EXCEPTIONS An exception is an identifier in a PL SQL Block that is raised during the execution of a block that terminates its main body of actions.. In such cases, you can specify an exception handler to perform some other actions. Exceptions are raised in 2 ways : An oracle-defined error occurs and the appropriate exception is raised automatically. You explicitly raise an exception by issuing the RAISE statement within the block. The exception being raised may be user-defined or pre-defined. When an exception is raised, the control is passed to the exception handler in the exception section. If the exception is successfully handled, then the control is not passed back to the enclosing block or environment or point where the exception was raised, but the PL SQl block terminates successfully. But, If an exception is raised and there is no corresponding exception handler, then the PL SQL block terminates with failure and the exception is propogated to the calling environment. Exception types Implicitly raised : Predefined Oracle Server : 20 most common errors. Do not declare them and oracle server will raise them implicitly No_data_found Too_many_rows Inavlid_cursor Zero_divide Dup_val_on_index, etc Non Predefined Oracle Server : Other Oracle server errors. Declare them in the declaration section, and oracle server will raise them implicitly Explicitly raised : User-defined : A situation which is abnormal from the user point of view. Declare them in the declaration section and raise them explicitly Declare Begin Exception When Exception1 [or exception2..] then Statement1; Statement2;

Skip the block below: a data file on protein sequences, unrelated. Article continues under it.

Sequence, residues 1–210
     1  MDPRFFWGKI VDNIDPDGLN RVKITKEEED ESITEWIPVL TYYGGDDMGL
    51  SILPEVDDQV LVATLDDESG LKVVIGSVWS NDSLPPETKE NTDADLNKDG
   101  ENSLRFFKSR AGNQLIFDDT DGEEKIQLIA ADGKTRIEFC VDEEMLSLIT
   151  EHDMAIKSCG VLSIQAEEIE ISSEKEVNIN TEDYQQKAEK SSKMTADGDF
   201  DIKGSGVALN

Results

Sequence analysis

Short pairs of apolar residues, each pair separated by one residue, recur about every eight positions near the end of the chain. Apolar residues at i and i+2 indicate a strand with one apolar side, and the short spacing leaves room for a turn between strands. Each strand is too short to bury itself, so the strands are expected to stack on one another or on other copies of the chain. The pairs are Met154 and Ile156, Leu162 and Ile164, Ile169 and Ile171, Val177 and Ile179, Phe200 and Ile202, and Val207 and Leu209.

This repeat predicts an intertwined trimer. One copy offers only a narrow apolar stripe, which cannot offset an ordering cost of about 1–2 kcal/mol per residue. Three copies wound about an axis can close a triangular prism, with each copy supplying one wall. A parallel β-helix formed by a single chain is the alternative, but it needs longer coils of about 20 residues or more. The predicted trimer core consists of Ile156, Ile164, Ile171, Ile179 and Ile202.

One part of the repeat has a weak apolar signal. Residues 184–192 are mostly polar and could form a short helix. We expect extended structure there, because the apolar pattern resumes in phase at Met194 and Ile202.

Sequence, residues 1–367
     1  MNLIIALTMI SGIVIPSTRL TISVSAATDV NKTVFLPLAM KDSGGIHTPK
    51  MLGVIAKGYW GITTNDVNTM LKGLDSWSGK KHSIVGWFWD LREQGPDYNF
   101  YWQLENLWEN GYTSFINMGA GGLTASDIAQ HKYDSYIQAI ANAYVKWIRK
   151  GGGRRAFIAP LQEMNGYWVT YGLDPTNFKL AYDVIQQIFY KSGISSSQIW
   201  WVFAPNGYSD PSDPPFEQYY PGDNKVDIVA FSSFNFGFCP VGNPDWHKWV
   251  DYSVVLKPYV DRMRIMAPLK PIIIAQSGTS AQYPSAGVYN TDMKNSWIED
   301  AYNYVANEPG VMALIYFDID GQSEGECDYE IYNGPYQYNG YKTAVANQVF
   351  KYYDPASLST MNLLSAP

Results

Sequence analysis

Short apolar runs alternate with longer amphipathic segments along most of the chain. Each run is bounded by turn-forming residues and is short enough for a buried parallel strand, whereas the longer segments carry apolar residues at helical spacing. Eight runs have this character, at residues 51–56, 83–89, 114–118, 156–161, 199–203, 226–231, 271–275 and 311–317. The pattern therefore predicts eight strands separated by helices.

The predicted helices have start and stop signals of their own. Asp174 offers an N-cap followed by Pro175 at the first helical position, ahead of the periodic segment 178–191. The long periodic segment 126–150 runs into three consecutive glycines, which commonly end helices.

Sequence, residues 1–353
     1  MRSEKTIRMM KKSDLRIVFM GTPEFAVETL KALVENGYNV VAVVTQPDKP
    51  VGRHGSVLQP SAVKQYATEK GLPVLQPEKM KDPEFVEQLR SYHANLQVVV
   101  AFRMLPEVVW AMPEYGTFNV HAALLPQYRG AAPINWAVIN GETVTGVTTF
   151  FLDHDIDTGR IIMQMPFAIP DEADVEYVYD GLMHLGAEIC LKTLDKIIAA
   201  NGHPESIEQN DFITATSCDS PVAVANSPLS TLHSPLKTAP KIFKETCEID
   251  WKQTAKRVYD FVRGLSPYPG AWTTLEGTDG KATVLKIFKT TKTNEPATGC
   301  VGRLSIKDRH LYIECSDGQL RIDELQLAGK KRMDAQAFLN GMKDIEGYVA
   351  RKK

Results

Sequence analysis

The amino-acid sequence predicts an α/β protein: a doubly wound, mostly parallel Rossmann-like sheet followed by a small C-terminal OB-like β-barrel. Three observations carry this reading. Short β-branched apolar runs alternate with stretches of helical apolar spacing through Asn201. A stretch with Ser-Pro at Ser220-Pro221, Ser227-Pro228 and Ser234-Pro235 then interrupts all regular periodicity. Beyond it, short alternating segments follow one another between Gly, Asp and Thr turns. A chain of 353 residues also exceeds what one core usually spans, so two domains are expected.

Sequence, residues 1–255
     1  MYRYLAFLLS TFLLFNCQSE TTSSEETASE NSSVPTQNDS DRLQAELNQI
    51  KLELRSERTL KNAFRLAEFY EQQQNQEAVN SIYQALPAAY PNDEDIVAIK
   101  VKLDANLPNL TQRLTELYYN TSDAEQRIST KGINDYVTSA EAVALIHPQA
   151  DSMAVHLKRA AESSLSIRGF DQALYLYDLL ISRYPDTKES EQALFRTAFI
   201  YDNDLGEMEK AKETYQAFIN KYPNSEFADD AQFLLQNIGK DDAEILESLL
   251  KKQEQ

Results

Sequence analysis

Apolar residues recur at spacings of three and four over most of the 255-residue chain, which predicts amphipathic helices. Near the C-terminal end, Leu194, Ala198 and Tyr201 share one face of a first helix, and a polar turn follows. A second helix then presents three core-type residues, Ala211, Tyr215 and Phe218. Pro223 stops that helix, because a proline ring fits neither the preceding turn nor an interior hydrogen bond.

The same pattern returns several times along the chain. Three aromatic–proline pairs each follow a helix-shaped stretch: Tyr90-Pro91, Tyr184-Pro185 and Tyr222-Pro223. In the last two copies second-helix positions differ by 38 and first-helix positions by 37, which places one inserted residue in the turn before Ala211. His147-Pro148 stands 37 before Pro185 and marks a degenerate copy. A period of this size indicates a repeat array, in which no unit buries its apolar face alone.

When Exception3 [or exception4..] then Statement3; Statement4; [When others then Statement5; Statement6;] End; / The exception handling section traps only those exceptions that are specified, others are not trapped, unless you use the OTHERS exception handler, which traps any exception which is not yet handled. Hence, OTHERS is the last exception handler that is defined optionally Guidelines for Trapping Exceptions : Begin the Exception-handling section with the EXCEPTION Keyword Define the required number of exception-handlers, each with its own set of actions When an exception occurs PL SQL processes only one Exception-handler before leaving the block Place the OTHERS clause after all the other exception-handlers There can be only one OTHERS clause Exceptions cannot appear anywhere else, besides the Exception section Trapping Predefined Exceptions : declare vtotal students.total%type; begin select total into vtotal from students where rollno=16; dbms_output.put_line('the roll number is not correct'); exception when no_data_found then dbms_output.put_line('Check the roll number'); end; / Here, since the data is not found, an error has occurred and the control is transferred to the exception handler, and the line which is after the line that caused the error is not executed, since when the error is encountered, the control is not passed to the immediate next line, but to the exception handler.